By Tracey Arwood, CNM
The holiday season can be a stressful time of year. There are many reasons men and women experience holiday stress–pressure to spend money, lack of time, traffic, and commercialism of the season to name a few.
Both men and women feel a responsibility to their family to make the holiday the best they can.
According the American Psychiatric Association (APA), holiday stress has a greater impact on women, who take on most of the responsibility of cooking, shopping, and planning celebrations. Women also have more difficulty relaxing and enjoying themselves this time of year.
Despite the stress, the APA found that the majority of people look forward to the holiday season and spending more time with loved ones. The following tips will help you de-stress and take care of yourself so that you can enjoy the holidays.
Simplify–First and foremost, this time of year is about family, love, peace, and giving. If something on the agenda does not match up with one of these priorities, then let it go. Recognize that it is impossible to do it all, and share or delegate responsibilities.
Simplify family traditions to things that are easy and increase quality time, like stories in front of the tree or viewing Christmas lights together. Involve the whole family in decorating or addressing Christmas cards. For adult family members, consider drawing names for a gift exchange rather than buying gifts for each person.
Relax—Breathe deeply anytime the stress of the holidays creeps in. Listen to music. Open the curtains and take in nature. Avoid multitasking, and instead give each activity your full and present attention.
In each moment, enjoy the sights, smells, sounds, and company. In the evening, curl up in front of the fire with a good book and some hot chocolate or tea with honey. Ensure you are getting enough and quality sleep. See your health care provider if sleep becomes a problem.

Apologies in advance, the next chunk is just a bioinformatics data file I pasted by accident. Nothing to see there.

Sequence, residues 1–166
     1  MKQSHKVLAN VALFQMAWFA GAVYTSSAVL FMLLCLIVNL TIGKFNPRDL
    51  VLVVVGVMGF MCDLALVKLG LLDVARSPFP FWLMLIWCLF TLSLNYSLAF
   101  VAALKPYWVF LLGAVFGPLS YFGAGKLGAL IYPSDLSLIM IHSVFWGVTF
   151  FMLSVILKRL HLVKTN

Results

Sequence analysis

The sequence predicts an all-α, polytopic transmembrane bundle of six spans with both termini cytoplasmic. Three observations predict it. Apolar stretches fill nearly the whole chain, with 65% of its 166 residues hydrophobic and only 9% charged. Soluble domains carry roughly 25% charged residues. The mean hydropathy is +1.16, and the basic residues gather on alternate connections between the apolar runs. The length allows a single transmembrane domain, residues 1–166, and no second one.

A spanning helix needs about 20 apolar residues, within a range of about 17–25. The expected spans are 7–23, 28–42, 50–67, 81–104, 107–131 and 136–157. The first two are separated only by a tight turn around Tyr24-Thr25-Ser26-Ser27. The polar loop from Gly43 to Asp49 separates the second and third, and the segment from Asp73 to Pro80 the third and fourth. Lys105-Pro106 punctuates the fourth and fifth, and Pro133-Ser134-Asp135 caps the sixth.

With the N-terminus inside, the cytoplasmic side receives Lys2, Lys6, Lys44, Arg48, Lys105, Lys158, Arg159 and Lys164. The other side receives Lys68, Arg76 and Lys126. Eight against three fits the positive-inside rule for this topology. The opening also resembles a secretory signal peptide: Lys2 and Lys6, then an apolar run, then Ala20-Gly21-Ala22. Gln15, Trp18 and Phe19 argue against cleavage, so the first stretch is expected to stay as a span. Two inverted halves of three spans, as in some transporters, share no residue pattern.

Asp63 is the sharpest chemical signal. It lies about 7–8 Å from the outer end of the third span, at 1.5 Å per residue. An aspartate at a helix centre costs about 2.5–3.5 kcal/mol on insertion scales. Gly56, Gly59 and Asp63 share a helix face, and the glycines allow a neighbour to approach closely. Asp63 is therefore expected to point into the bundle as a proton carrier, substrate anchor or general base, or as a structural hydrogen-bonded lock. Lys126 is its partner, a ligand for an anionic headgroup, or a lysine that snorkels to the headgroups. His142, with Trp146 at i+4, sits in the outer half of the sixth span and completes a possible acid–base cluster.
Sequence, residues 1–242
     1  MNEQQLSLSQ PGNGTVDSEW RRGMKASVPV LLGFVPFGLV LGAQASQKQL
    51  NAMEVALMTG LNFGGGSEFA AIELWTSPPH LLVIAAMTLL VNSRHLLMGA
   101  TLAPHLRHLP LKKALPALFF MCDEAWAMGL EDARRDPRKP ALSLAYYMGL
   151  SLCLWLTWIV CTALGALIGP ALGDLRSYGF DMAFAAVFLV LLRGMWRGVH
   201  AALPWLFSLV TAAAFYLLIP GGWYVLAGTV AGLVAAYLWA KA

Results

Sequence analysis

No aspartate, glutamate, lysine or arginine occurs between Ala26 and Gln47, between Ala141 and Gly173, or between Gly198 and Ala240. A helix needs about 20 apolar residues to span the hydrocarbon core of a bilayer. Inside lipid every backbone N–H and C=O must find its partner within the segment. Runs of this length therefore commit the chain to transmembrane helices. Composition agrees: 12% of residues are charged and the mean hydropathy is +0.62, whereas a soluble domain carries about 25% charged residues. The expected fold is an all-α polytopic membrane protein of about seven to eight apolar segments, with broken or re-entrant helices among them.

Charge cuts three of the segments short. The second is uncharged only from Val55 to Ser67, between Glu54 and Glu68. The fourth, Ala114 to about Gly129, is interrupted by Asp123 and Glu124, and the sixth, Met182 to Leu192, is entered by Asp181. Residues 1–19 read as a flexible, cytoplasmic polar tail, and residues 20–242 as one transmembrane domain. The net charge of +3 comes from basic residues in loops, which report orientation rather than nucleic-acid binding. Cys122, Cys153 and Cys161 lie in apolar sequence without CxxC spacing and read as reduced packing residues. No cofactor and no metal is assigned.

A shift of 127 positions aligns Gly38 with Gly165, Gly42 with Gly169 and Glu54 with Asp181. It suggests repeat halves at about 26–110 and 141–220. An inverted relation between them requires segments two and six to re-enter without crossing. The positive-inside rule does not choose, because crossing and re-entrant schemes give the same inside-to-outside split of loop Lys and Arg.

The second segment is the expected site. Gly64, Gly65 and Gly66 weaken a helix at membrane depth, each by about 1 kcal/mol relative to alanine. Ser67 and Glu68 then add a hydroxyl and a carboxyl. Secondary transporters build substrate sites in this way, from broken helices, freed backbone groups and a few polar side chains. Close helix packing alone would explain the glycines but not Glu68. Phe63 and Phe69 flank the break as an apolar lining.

Go outside–The shorter days and longer nights yield to seasonal affective disorder, commonly referred to as SAD, a form of depression, during the fall and winter months. Sunshine and vitamin D help boost serotonin and energy levels, as well as improving the ability to fight off infection and disease.
Spending time outdoors can improve creativity and focus, as well as boost mood and self-esteem. Exercising outdoors increases energy and decreases stress. Bundle up and go to the park or take a brisk walk over your lunch break. Plan to spend at least 15 minutes outside every day.
Boost immunity–Along with holiday stress, this time of year is also known as “cold and flu season”. Frequent hand washing and a yearly flu shot are the most effective ways to stay healthy each winter. Quitting or cutting down on smoking is essential for avoiding sickness.
Beef up on vitamin C and immune fighting antioxidants by eating fresh fruits and vegetables, such as oranges, strawberries, bell peppers and broccoli. Garlic, onions, and yogurt also help our immune system fight off infection.
Connect–Maximize time with family and friends during the holidays. Meet for lunch, play a family game, or go for a winter walk. Make handmade Christmas gifts together. Share the joy of giving to others by making cards for hospital patients or caroling at the nursing home. Volunteer to ring the bell at the grocery store. Donate toys or clothes to needy families.
If you have lost a loved one this year, make a new tradition to remember him or her. Have family and friends fill a stocking in his or her honor with memories or talking points to share. Perform one of his or her holiday duties or serve at a charity in their honor.
Self-care is an essential step in making the most of the holiday season. If you are dealing with anxiety or depression, please seek help from your primary care provider.
Tracey Arwood, CNM is available to see women for primary care concerns, such as anxiety, depression, insomnia, or winter illness. To make an appointment, contact the TCMH Medical Complex in Houston at (417)967-5637 or the TCMH Mountain Grove Clinic at (417)926-1770.